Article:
Share Your Professional News
Send your professional announcement to: email@example.com. Examples include: New Position, Honors And Awards, Mergers & Acquisitions, New Office Address, New Appointment, New Associate, New Attorney, New Partner. This is a free service.
We welcome readers to share their opinion and ideas with us by writing to firstname.lastname@example.org.
Solving PERM Practice Problems
ILW.COM is pleased to announce a 3-part telephone seminar series "Solving
PERM Practice Problems", the
curriculum is as follows:
FIRST Phone Session on April 17th: Managing a PERM Labor Certification
Program in Unique Circumstances
SECOND Phone Session on May 15th: Audit Preparation & Response
- Reductions in Force-when and how to file; disqualification of U.S.
workers; documentation to secure in advance
- Mergers & Acquisitions-impact on PERM filings; documentation to
secure in advance; successor-in-interest
- Roving Employees, Multiple Job Sites, Off-Site
Employees-recruitment, disqualification of U.S. workers, and
THIRD Phone Session on June 6th: Evaluation & Disqualification of U.S.
- Normal Requirements
- What affect will travel have on the AOS application?
- Employee gained experience while working with the employer
- Business Necessity Arguments & Documentation for
- Exceeding SVP
- Foreign Language
- Special Requirements
- Demonstrating that skills could not be acquired during a reasonable
period of on-the-job training
The deadline to sign up is Tuesday,
April 15th. For more info, including
speaker bios, detailed curriculum, and registration information, please see:
http://www.ilw.com/seminars/aprilA2008.shtm. (Fax version: http://www.ilw.com/seminars/aprilA2008.pdf).
- Basic Elements & Time Frames of a Good Faith Recruitment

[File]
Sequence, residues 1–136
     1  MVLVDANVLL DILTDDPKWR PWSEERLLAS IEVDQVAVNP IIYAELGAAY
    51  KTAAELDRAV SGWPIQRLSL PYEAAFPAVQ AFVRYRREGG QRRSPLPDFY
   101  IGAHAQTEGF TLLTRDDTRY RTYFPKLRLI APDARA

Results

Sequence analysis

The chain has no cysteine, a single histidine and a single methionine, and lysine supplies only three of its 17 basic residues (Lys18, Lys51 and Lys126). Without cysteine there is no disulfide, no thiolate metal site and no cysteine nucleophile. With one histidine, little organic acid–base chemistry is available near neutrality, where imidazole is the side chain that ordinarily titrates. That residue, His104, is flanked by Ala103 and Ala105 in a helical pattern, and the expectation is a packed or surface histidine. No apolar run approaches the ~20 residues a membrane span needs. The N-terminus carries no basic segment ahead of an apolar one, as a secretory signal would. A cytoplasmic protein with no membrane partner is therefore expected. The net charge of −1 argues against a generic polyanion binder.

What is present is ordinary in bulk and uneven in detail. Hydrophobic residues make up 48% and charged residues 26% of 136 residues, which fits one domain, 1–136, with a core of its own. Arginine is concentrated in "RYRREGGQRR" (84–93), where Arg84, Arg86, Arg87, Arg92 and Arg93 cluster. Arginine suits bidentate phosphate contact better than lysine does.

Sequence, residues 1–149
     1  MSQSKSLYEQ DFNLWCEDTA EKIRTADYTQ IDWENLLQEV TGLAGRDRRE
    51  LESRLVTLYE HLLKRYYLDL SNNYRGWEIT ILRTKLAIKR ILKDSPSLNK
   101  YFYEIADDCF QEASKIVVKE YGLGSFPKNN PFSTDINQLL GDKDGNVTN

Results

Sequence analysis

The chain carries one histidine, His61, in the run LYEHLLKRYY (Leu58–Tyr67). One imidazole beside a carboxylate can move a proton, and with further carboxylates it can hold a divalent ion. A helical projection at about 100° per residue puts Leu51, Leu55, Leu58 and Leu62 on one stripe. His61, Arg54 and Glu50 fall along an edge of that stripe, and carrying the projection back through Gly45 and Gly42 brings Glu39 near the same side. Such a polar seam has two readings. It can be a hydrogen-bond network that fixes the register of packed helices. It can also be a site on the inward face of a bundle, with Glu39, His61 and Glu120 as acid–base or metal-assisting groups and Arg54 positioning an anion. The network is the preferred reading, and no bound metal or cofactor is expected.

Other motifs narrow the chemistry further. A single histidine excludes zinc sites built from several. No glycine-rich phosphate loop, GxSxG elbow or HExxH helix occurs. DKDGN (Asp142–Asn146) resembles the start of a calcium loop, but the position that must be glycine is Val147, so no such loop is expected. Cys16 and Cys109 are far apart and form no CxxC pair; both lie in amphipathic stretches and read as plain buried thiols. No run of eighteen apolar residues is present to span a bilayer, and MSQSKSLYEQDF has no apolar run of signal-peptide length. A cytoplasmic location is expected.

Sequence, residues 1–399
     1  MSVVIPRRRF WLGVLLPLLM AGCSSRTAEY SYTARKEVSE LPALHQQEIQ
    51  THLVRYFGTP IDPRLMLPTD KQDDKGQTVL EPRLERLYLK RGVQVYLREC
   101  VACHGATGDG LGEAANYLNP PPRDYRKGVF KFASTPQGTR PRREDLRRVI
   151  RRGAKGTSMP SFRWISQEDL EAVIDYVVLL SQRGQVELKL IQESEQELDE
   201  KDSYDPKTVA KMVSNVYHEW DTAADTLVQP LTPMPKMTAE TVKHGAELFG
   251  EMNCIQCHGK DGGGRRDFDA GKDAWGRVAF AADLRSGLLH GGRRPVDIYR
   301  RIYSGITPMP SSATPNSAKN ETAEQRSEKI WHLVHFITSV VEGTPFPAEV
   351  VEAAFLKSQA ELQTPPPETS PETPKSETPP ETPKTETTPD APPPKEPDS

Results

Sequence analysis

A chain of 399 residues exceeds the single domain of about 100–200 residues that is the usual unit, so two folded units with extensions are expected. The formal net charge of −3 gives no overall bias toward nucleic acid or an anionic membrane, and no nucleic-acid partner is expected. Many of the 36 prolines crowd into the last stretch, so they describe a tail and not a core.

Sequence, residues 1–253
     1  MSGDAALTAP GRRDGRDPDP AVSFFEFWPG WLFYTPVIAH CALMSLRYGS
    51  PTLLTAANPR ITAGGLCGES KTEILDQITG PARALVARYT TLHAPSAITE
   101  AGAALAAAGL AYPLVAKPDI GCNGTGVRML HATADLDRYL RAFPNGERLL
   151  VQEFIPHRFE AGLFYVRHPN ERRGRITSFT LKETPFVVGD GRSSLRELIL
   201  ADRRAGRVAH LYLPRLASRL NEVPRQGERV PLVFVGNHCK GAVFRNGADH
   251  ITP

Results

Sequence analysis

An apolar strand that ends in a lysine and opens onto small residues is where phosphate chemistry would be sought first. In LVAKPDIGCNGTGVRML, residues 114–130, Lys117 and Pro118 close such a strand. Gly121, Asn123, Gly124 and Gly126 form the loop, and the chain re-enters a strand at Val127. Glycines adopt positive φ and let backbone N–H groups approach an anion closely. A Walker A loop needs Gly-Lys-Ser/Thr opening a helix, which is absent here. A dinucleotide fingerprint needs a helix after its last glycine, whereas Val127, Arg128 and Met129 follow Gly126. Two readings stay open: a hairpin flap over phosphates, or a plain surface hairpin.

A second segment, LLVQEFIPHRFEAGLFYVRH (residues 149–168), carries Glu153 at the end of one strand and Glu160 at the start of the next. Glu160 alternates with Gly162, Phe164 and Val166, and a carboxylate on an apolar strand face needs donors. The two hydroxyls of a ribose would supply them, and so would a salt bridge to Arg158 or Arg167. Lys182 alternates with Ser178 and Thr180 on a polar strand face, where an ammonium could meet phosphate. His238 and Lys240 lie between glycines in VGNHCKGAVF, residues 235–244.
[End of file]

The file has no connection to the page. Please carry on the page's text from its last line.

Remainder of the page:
- Disqualification of U.S. Workers-failure to meet experience requirement,
education requirement, special requirements
- Proving the employer meant it when agreeing to accept any suitable
combination of education, training, and work experience
- Demonstrating that skills could not be acquired during a reasonable
period of on-the-job training
Even The Lone Ranger Needed Tonto: Staff Is Essential In Any Solo Practice
Ed Poll writes "The successful solo practice truly requires a team - even if that is just you and an assistant to whom you can delegate work that doesn't require your skill and personal attention."
To submit an Article for consideration, write to email@example.com.
USCIS Updates Projected Naturalization Case Processing Times
USCIS announced that it will finish more than one million naturalization cases during fiscal year 2008.
USCIS And FBI Announce Name Check Backlog Reduction Plan
USCIS and the FBI announced a joint plan to eliminate the backlog of name checks pending with the FBI.
Help Wanted: Immigration Paralegals
North Broward, FL - Full and part-time positions available for busy, established immigration law practice. Applicant will manage caseload with a large degree of independence. Will have client contact and work with custom case management system. Applicant should be self motivated and have good writing, communication and organization skills. Must have a minimum of 2 years experience in both family & employment based visa & green card application package preparation. Experience with Microsoft Word & Excel a necessity. Please send resume detailing experience and full or part time preference to: firstname.lastname@example.org.
Help Wanted: Immigration Attorney
Newark, NJ - Garces & Grabler, P.C. seeks attorney with 5+ years immigration law experience, with an emphasis on removal proceedings, appeals, family cases, aos interviews, and consular processing. Excellent writing, technical, communication and organizational skills are essential. E-mail resume, with your specific experience, salary requirements and writing sample to email@example.com or fax: 732-745-1249. All submissions will remain confidence.